This is in contrast to what's going on everywhere else, as young hitters are outproducing older hitters in 2016. But at catcher, 25-year-old Miami Marlins backstop J.T. Realmuto is the only young everyday player who's hit well while catching exclusively.
It's a situation that makes it look like the flow of good-hitting catchers from the minors to the majors got squeezed somewhere along the line. And that may not be a mirage.
Consider what happened in 2010, for example. That was the year Posey arrived and began carving out his reputation as the game's best catcher, but it was also the year the Washington Nationals got Bryce Harper out of the crouch immediately after drafting him No. 1 overall. Nationals general manager Mike Rizzo cited the Jaso defense.
"We're going to take the rigor and the pressures of learning the position, the difficult position of catcher, away from him," Rizzo said, per the Associated Press (h/t ESPN.com), "and really let him concentrate on the offensive part of the game and let his athleticism take over as an outfielder."
That kind of attitude is one thing barring the position from getting good young hitters. Beyond that, there's also a different emphasis on what kind of defense is needed to keep a good hitter in the crouch.
Take Willson Contreras, for example. Chicago Cubs skipper Joe Maddon told Mark Gonzales of the Chicago Tribune that Contreras is still a part of the team's plans at catcher, but he's played a lot of left field and some first base. And it's no surprise that he has.
Contreras is a fine hitter with a lethal arm, which might have made keeping him at catcher a no-brainer in years past. But as Dave Cameron covered at FanGraphs in 2014, today's emphasis on strike framing is coinciding with a steady decline in caught-stealing rate. That suggests teams would rather have a good receiver than a good thrower behind the plate.
It so happens that poor receiving has been a knock on Contreras. It's also one of the knocks on Kyle Schwarber, who the Cubs also moved off catcher after promoting him to the majors. Same goes for Blake Swihart, whose future with the Boston Red Sox may be in the outfield.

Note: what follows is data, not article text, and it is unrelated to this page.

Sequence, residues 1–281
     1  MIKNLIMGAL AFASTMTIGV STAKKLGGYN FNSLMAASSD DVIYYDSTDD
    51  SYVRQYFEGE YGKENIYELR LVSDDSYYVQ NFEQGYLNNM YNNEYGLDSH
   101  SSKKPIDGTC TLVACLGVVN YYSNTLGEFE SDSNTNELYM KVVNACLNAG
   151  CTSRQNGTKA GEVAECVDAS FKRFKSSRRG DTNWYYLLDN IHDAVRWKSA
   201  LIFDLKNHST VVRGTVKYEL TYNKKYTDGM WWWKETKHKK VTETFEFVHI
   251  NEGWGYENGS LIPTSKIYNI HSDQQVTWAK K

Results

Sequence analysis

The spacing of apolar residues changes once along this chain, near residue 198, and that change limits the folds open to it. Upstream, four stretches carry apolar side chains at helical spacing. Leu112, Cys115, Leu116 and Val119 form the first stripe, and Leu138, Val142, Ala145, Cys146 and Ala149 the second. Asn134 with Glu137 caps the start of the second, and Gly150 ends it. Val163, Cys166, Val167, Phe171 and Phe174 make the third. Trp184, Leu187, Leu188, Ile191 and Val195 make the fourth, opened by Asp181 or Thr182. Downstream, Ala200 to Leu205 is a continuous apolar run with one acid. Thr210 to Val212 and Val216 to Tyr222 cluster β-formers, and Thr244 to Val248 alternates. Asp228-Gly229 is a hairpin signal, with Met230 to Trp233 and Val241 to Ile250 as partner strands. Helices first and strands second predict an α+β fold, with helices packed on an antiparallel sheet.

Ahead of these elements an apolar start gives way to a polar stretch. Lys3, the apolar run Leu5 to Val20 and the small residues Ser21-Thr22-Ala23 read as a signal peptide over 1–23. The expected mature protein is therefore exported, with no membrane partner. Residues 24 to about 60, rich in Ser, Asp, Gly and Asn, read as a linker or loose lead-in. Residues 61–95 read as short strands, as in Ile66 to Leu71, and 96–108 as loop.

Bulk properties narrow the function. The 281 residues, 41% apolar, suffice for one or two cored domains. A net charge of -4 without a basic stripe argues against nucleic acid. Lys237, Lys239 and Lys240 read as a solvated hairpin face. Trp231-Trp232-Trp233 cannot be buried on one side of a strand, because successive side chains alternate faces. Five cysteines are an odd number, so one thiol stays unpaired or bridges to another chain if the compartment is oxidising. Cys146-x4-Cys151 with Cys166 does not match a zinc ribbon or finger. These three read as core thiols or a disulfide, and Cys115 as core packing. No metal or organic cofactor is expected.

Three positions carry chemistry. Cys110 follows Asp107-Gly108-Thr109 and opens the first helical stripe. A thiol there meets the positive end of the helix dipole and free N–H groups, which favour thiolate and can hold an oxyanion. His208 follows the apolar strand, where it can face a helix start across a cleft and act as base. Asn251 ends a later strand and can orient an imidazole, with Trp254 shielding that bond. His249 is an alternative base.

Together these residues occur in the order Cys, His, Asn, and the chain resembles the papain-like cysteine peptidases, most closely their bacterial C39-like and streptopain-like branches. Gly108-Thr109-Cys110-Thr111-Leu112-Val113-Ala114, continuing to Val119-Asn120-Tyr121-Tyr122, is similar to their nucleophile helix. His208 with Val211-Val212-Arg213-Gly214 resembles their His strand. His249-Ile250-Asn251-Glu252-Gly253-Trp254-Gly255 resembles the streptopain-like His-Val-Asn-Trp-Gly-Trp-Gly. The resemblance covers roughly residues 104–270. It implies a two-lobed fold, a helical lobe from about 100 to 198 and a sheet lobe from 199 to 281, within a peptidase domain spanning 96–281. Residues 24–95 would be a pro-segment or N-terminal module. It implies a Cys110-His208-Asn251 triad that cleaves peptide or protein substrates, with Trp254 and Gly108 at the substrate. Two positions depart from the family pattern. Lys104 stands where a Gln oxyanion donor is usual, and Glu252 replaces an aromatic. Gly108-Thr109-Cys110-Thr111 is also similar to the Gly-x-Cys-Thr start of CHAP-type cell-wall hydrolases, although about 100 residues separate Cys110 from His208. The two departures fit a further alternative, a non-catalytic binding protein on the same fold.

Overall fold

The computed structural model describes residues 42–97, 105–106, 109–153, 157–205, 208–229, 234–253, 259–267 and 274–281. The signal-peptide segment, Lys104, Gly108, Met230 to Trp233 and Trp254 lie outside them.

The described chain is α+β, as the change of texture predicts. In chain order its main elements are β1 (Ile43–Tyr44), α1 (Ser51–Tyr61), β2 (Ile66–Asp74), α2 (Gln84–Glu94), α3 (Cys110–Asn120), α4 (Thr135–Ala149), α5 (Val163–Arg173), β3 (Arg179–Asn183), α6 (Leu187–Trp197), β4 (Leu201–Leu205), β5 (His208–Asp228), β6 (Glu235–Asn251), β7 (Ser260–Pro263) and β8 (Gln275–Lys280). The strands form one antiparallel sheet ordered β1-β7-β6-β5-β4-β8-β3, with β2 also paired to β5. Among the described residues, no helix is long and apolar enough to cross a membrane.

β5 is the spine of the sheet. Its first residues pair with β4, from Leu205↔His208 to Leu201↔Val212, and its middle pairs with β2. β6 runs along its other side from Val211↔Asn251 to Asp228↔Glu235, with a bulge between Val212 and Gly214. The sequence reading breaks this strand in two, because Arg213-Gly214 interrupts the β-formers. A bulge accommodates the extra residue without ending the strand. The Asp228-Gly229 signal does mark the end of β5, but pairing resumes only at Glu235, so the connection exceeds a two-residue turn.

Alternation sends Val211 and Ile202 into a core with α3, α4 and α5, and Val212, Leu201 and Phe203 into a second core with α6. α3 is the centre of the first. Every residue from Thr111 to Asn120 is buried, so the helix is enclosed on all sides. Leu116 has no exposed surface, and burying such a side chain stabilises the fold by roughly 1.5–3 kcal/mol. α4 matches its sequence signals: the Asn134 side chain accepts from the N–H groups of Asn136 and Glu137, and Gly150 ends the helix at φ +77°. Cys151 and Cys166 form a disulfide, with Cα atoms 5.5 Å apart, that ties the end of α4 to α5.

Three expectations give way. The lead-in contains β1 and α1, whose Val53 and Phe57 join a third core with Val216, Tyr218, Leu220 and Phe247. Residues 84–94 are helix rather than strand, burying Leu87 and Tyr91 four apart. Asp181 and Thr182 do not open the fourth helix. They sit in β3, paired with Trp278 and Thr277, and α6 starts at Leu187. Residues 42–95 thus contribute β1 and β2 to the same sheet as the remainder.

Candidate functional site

Similar futures may await some of the top catching prospects in the minors. Pittsburgh Pirates and Cincinnati Reds farm hands Reese McGuire and Tyler Stephenson, respectively, are regarded as well-rounded catchers. But for Gary Sanchez (New York Yankees), Jorge Alfaro (Philadelphia Phillies), Max Pentecost (Toronto Blue Jays) and Jacob Nottingham (Milwaukee Brewers), defensive questions may one day lead their parent teams to move their quality bats out from behind home.
Things might be different if teams needed to worry about getting as many quality bats into their lineups as possible, as was the case while offense was getting harder to find between 2010 and 2014. But for reasons discussed above, it's not anymore. With offense back up elsewhere, teams can afford to treat the catcher spot like what it is: the sport's most important defensive position.
What's happening now looks like a perfect storm of circumstances conspiring to kill catcher production. But don't assume the storm will last forever.
Although the shift in what teams are looking for behind the plate seems like a bad thing for catcher offense right now, the Cameron article referenced above actually highlighted it as a good thing. The new demands could be just as likely to attract good bats to catcher as they are to drive them away. We need more time to pass before we can tell one way or the other.
So, just wait. Catcher offense is dead, but it doesn't have to stay that way.